Our beautiful minds

“All matter originates and exists only by virtue of a force… We must assume behind this force the existence of a conscious and intelligent Mind. This Mind is the matrix of all matter.” – Max Planck

I was having coffee with a friend of mine last week. I really hadn’t seen or spoken to him in a year so it was good to catch-up on kids, jobs, and just life in general. He was telling me that his mother was suffering from dementia which I typically associate with Alzheimer’s. I learned that is not necessarily always the case.

As he described his mother’s condition and behavior I could see the hurt in his eyes. This was a person he had known his entire life. Think about it, short of his father, he had known or we could say existed with his mother longer than anyone else simply because she carried him inside of her for nine months. Certainly I know being both a son and a father that there is no other relationship that can compare to that of a mother and child. And now, he didn’t know her. She looked the same on the outside but inside something is different, something is terribly wrong.

When I was a young child my great-grandmother came to live with us for a very short period of time. I don’t remember much about it other than the smell of Lysol spray and one odd event when my great-grand was running around our front yard naked, thankfully, in the dark. She had what was described then as hardening of the arteries a catch-all disorder which would be diagnosed as Alzheimer’s today. I remember much later my uncle summing it up with this phrase about my great-grandmother, “she had lost her mind” and infact she had.

In the last six months, two people who I know have died from complications of the Alzheimer’s disease. What was interesting to me though was how different both of their behaviors were. While one remained calm, almost comatose, the other was irrational and mean. But what they both shared in common was the stress and the strain that this horrible disease placed on their families. It was a very sad, and extremely slow journey to watch and in one case, be a small part of.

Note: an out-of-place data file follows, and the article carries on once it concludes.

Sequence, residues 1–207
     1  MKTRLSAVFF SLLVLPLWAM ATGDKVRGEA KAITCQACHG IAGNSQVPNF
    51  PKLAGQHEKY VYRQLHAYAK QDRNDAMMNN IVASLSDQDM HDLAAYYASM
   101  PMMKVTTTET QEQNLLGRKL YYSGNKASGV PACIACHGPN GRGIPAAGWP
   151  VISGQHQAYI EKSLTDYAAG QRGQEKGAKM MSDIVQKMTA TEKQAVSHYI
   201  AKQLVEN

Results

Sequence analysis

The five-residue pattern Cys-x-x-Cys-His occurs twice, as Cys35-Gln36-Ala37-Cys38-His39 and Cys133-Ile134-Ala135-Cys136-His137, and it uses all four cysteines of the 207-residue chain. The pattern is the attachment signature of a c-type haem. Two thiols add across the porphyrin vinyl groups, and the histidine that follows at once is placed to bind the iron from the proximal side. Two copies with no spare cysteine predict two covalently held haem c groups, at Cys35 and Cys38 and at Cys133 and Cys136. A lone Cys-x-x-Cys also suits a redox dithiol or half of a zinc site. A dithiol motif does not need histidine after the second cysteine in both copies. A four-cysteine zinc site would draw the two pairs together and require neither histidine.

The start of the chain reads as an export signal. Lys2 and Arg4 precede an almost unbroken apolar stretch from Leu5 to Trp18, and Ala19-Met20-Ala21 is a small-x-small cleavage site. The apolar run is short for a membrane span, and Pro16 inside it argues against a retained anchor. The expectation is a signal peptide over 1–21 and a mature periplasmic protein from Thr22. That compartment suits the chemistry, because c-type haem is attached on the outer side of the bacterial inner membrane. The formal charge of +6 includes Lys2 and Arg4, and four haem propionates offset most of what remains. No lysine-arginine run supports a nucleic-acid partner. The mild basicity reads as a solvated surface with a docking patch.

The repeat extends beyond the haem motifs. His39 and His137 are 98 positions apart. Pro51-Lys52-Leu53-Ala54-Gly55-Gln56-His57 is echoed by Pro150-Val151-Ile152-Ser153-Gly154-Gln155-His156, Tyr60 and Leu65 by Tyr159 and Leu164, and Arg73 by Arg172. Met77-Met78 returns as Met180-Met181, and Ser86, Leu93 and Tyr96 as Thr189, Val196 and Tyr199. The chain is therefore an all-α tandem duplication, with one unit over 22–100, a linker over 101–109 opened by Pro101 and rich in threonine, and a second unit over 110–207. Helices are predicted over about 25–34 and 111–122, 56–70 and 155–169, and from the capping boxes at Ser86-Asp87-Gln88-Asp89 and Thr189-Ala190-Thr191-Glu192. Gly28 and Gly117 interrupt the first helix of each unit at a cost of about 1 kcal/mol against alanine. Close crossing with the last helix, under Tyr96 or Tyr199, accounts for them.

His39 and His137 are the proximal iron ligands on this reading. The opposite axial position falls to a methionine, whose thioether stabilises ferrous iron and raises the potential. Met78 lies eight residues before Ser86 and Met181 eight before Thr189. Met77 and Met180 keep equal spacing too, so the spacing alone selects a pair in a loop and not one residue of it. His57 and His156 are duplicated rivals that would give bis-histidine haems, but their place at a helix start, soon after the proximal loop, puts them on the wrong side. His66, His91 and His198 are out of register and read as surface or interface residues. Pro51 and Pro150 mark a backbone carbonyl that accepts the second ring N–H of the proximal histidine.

It would seem if there is anything that separates us from all other living creatures it is our mind. We basically have the same pieces-parts as dogs and rats but it is our ability to not only think but reason, imagine and dream that sets us apart. Some may argue it is what makes us most human. The difference between being and just existing.

My friend and his family are struggling with what is going on with their mother. I see the strain on his face, the difficult decisions he is having to make. Decisions about time and loyalty, concerns about the stress on his father, and the immediate needs of his own young family. Unlike other diseases where some glimmer of a cure may be offered his mother’s future is bleak, a slow road into the darkness. And unfortunately all my friend can do is watch, from the front row.

“If you don’t have imagination, you stop being human; animals don’t have imagination; Alzheimer’s is the death of imagination.” –  Devdutt Pattanaik

Advertisements

About ends and beginnings blog

I am a frustrated writer and poet waiting to be discovered. A stand-up philosopher performing on a street corner near you. A Christian with questions but I don’t want to hear your answers. A Buddhist with a bumper sticker on my truck to prove it. A collector of quotes. A grower of lettuce. The Patron Saint of earthworms who name their children after me. A cyclist whose big ass strains the seams of his Lycra bibs. I am American by birth, Southern by the grace of God. My goal in life is to leave an imprint on the lives of the people I love not a footprint on the earth. I am a son, a husband, a father composed of 65%-Oxygen, 18%-Carbon, 10%-Hydrogen, 3%-Nitrogen, 3%-Diet Coke and 1%-Oreo.
This entry was posted in discover wp, Life, Thoughts, Writing and tagged , , , , , , , , , . Bookmark the permalink.

4 Responses to Our beautiful minds

  1. Very sorry for your friend and his family. I can think of no more cruel disease than this one. 😢

    Liked by 3 people

  2. “Losing my mind” is perhaps my biggest fear… and I haven’t even begun to wrap my mind around the fact that I might have to watch it happen to people I love someday. I just hope that I also have a friend that I can talk to. And I’m sure your friend appreciates you being there to talk to, too. 🙂

    Liked by 1 person

Leave a Reply

Fill in your details below or click an icon to log in:

WordPress.com Logo

You are commenting using your WordPress.com account. Log Out / Change )

Twitter picture

You are commenting using your Twitter account. Log Out / Change )

Facebook photo

You are commenting using your Facebook account. Log Out / Change )

Google+ photo

You are commenting using your Google+ account. Log Out / Change )

Connecting to %s